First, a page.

While Wall Street certainly got a boost from the Fed Wednesday, there's doubt about how long the bulls can keep running. However, futures are indicating another higher open on Wall Street Thursday morning.
Policy makers at the Federal Reserve pledged at the end of their two-day meeting to keep interest rates near record lows until the end of 2014. Rates have been near zero for the past three years, and the Fed will keep them there for another three years. That's bad news for savers looking to earn interest on their money, but good news for businesses, borrowers, and stocks.
The Dow rose more than 80 points Wednesday, and the blue-chip average will open today's session at its highest level in eight months.
The Fed's announcement yesterday also lowered the value of the U.S. dollar and boosted commodities.
"Gold, silver, and copper are making short-term breakouts," notes Greywolf Equity Partners chief technical officer Mark Newton. He adds, "Gold above $1,700 is important," creating at least some temporary euphoria in the metal market.
Two familiar stocks are making waves this morning.
Netflix (NASDAQ:NFLX) shares are surging 17% in pre-market trading to around $111 a share. Remember when Netflix shares peaked at $305 back in July before those controversial price hikes? It looks like the video streaming service is looking to get some of its mojo back.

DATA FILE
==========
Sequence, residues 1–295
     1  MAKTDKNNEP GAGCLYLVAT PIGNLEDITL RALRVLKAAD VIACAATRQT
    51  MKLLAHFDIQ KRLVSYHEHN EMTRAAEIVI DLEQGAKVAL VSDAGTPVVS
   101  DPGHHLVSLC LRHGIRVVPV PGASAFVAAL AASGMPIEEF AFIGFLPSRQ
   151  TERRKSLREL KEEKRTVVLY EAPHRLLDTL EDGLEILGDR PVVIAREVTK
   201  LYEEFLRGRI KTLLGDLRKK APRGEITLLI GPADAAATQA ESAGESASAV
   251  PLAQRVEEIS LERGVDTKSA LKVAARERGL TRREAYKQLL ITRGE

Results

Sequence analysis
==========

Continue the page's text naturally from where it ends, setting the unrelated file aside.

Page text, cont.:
Netflix reported profits of more than $40 million in the final three months of last year, beating Wall Street expectations; revenue rose by nearly 50% to $876 million, also better than expected. Netflix says it regained 600,000 U.S. subscribers, bringing the total number to 24.4 million as of December.
JC Penney (NYSE:JCP) is trying its hand at a new strategy: permanent price cuts. So, forget about your coupon clipping and deal hunting -- JC Penney says it's not looking to necessarily undercut its competitors, but wants to offer shoppers a consistent value and lower prices all the time.
The price cuts of around 40% take effect next month. JC Penney's new CEO, Ron Johnson, is helping to engineer the retailer's turnaround. He is, coincidentally, the executive who headed up Apple's (NASDAQ:AAPL) retail stores, and he said at a press conference yesterday that Penney's new pricing plan may help triple sales.